I still don't know that I'd rate this as "amusing", but it probably pushes it from Critical down to High or even Medium importance, depending on the user aspects of your threat model. (In my case, since I don't have to worry about any UGG users, it doesn't matter at all.)
That's an interesting exploit. Off the top of my head, I'd mitigate that sort of thing by:
Having your save data classes in their own namespace.
Make these plain classes that don't implement IDisposable (or your language specific equivalent)
Not having callbacks in destructor or dispose code (in C# at least, there's a well-known pattern for implementing IDisposable that allows for disposal chains without callbacks).
Type-checking the objects when deserialised to ensure they are the type you are expecting, and if possible enforcing a type in the deserialiser (i.e. Deserialiser.Deserialise<Goose>(payload)).
Make sure you have don't use polymorphism in your save data classes (i.e. don't have a Goose class that derives from a Bird class) - this mitigates the fact that if you wanted to call Deserialise<Bird> you might get a Goose object back, and this would be valid.
It sounds to me that this specific exploit comes about because it is using a library for (de)serialisation that allows configuration of the serialiser in the file itself (I've not read the technical details, but this sounds likely). The mistake here is to allow the file to override the default. To be honest, that's a bit of a security flaw in the library itself (at least allowing such behaviour by default). It doesn't surprise me that Microsoft would write it this way. I'm willing to bet you that the documentation for its behaviour is less than great as well.
allow code (lambdas) in a data file?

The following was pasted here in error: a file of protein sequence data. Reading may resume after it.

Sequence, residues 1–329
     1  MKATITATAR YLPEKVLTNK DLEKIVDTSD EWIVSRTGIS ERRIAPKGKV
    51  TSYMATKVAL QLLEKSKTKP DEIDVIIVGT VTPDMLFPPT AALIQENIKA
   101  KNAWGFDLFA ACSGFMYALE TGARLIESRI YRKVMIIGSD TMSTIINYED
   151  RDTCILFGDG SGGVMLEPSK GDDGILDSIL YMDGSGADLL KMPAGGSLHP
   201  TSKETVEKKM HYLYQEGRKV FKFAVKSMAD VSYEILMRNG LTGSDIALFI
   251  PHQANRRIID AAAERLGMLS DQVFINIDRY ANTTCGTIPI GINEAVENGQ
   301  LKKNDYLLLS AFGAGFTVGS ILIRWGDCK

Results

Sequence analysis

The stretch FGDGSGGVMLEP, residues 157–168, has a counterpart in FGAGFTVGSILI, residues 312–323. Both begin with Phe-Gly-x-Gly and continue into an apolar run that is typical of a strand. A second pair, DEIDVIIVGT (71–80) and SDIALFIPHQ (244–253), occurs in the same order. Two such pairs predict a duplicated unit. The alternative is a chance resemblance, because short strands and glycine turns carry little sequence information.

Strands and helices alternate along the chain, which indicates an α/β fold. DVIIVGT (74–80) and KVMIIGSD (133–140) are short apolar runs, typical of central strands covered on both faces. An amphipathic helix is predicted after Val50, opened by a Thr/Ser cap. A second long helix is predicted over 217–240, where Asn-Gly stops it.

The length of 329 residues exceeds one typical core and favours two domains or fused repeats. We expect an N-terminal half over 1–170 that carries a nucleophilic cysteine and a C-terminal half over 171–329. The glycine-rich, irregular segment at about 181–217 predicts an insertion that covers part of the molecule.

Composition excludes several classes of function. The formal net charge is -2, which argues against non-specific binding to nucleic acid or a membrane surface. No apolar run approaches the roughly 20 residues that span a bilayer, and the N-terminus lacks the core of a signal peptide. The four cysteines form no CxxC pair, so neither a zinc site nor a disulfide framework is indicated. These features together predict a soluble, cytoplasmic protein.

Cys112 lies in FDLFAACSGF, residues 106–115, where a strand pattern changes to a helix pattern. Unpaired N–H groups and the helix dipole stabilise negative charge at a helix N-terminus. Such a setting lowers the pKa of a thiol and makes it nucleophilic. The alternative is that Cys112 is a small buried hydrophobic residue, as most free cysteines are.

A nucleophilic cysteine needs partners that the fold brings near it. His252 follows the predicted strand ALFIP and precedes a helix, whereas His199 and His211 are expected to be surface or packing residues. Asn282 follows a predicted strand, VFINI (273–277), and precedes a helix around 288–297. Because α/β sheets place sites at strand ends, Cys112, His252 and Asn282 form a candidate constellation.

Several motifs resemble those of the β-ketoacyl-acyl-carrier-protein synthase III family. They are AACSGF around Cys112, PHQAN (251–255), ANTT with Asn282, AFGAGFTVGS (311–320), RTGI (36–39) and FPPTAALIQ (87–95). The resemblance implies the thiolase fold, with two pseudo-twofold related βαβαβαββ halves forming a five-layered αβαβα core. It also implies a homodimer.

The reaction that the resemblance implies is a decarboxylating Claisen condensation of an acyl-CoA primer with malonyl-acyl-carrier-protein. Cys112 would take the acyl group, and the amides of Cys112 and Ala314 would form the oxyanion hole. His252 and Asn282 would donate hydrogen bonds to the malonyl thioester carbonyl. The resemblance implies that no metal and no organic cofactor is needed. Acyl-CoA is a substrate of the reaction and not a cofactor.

The problem is serializing the type information.
https://www.blackhat.com/docs/us-17/thursday/us-17-Munoz-Friday-The-13th-JSON-Attacks-wp.pdf is quite fond of using https://docs.microsoft.com/en-us/dotnet/api/system.windows.data.objectdataprovider.objectinstance?view=netframework-4.8
So... They instantiate an object of type ObjectDataProvider and this object happens to take a method name (and parameters) as a property value leaving only the task of binding to the ObjectDataProvider instance.
I was willing to give generic deserialization a pass, in case I was being a old fogey. ("Bah! Deserialization! Use proper file formats, you punks!")
But the verdict is bad as my instincts feared. You cannot include arbitrary data schema in the file format and let the software reconstruct the data according to that schema.
The classic presentation on the subject is "Marshalling [sic] Pickles from AppSecCali 2015. It's a good one; anyone interested in further detail on how this sort of thing is exploited in various languages and contexts might want to watch the video or at least browse the slides.
In the MITRE CWE scheme, it's CWE-502.
I immediately recalled this issue: https://www.theregister.co.uk/2013/01/10/ruby_on_rails_security_vuln/ Which inevitably lead to this one: https://www.theregister.co.uk/2013/05/30/rails_botnet_threat/
Deserialization of more-or-less arbitrary data CAN be handled securely, but you cannot be an idiot about it. In the case of Rails, the problem was that the standard Ruby YAML library co-oped the  method. That's bad enough, but a) this was (and IS!) undocumented, and b) it could be triggered by any document. The maintainer of the library never accepted that this is a problem, so the last time I checked, YAML cannot be used in Ruby with standard libraries to load data from files that are not fully trusted if you have classes which do interesting things with .
Both the library provider and the application developer have to do their jobs.